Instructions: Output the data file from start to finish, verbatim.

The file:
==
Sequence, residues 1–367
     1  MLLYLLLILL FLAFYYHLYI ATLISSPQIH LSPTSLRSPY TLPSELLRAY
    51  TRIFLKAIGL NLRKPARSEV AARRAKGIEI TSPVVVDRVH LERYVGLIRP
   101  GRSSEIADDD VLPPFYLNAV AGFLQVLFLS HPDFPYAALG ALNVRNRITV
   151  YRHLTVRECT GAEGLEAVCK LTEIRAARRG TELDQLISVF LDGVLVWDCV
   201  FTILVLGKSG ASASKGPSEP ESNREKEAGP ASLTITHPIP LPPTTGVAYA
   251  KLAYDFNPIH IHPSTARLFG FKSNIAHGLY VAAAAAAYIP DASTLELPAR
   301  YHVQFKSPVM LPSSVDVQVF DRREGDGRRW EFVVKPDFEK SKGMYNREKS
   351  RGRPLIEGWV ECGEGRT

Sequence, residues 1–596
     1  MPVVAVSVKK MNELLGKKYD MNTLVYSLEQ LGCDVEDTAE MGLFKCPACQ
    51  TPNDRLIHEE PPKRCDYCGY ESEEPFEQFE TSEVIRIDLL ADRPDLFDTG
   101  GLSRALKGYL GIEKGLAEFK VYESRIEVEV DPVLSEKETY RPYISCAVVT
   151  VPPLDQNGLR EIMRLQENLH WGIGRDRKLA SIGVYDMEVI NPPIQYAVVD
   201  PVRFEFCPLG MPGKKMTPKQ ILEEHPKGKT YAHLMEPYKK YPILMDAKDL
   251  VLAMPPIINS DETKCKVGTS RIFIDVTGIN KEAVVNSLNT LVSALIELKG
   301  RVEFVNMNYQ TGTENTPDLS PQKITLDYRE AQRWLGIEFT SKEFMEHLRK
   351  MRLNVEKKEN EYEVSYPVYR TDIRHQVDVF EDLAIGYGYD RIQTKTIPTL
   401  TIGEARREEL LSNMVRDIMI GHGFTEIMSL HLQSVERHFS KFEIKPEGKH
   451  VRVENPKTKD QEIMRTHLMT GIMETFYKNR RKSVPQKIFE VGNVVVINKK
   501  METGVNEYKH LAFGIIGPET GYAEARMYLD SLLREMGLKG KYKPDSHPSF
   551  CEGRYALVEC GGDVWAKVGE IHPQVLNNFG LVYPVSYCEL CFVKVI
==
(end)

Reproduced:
Sequence, residues 1–367
     1  MLLYLLLILL FLAFYYHLYI ATLISSPQIH LSPTSLRSPY TLPSELLRAY
    51  TRIFLKAIGL NLRKPARSEV AARRAKGIEI TSPVVVDRVH LERYVGLIRP
   101  GRSSEIADDD VLPPFYLNAV AGFLQVLFLS HPDFPYAALG ALNVRNRITV
   151  YRHLTVRECT GAEGLEAVCK LTEIRAARRG TELDQLISVF LDGVLVWDCV
   201  FTILVLGKSG ASASKGPSEP ESNREKEAGP ASLTITHPIP LPPTTGVAYA
   251  KLAYDFNPIH IHPSTARLFG FKSNIAHGLY VAAAAAAYIP DASTLELPAR
   301  YHVQFKSPVM LPSSVDVQVF DRREGDGRRW EFVVKPDFEK SKGMYNREKS
   351  RGRPLIEGWV ECGEGRT

Sequence, residues 1–596
     1  MPVVAVSVKK MNELLGKKYD MNTLVYSLEQ LGCDVEDTAE MGLFKCPACQ
    51  TPNDRLIHEE PPKRCDYCGY ESEEPFEQFE TSEVIRIDLL ADRPDLFDTG
   101  GLSRALKGYL GIEKGLAEFK VYESRIEVEV DPVLSEKETY RPYISCAVVT
   151  VPPLDQNGLR EIMRLQENLH WGIGRDRKLA SIGVYDMEVI NPPIQYAVVD
   201  PVRFEFCPLG MPGKKMTPKQ ILEEHPKGKT YAHLMEPYKK YPILMDAKDL
   251  VLAMPPIINS DETKCKVGTS RIFIDVTGIN KEAVVNSLNT LVSALIELKG
   301  RVEFVNMNYQ TGTENTPDLS PQKITLDYRE AQRWLGIEFT SKEFMEHLRK
   351  MRLNVEKKEN EYEVSYPVYR TDIRHQVDVF EDLAIGYGYD RIQTKTIPTL
   401  TIGEARREEL LSNMVRDIMI GHGFTEIMSL HLQSVERHFS KFEIKPEGKH
   451  VRVENPKTKD QEIMRTHLMT GIMETFYKNR RKSVPQKIFE VGNVVVINKK
   501  METGVNEYKH LAFGIIGPET GYAEARMYLD SLLREMGLKG KYKPDSHPSF
   551  CEGRYALVEC GGDVWAKVGE IHPQVLNNFG LVYPVSYCEL CFVKVI